Socialist writer Dawn Foster passed away last week at the age of 34. She was a champion of the working class in a hostile media environment – and deeply committed to the fight for a better world.
Two writers who grew up in Birmingham – one in Thatcher’s 1980s, and one in Blair’s ’90s – discuss class, geography, housing, work, and accents inside and outside of England’s second city.
Birmingham has a reputation as a place where cultural life died a death in the face of grinding poverty, but that is a sterile myth – we explore the Second City’s brief and unexpected role as a centre of 1960s radical counterculture.
To begin a Tribune series on England’s Second City, Birmingham’s own Lynsey Hanley asks why the city’s development was so chaotic – and tended to ignore, diminish and segregate its population.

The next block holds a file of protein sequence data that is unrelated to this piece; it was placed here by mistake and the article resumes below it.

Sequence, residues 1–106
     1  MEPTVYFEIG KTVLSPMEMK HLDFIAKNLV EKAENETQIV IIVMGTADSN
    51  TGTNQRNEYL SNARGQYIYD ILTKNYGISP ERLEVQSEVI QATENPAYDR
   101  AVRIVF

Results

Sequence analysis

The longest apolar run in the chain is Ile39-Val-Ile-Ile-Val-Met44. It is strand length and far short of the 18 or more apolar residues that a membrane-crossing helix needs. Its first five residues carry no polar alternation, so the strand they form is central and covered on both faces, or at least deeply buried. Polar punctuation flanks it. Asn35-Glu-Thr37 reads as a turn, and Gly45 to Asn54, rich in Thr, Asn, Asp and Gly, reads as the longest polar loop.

Wirral’s Solar Campus was a global pioneer in the field of ecology. Its gradual destruction tells a story about how idealistic social and architectural ideas have been ground down by class and regional inequalities.
There’s a long way to go, but Labour’s manifesto could mark the first step in ending Britain’s obsession with the private car.
After two years as international development secretary, Barbara Castle took transport — an unloved government brief — and used it to vindicate Labour’s purpose in power.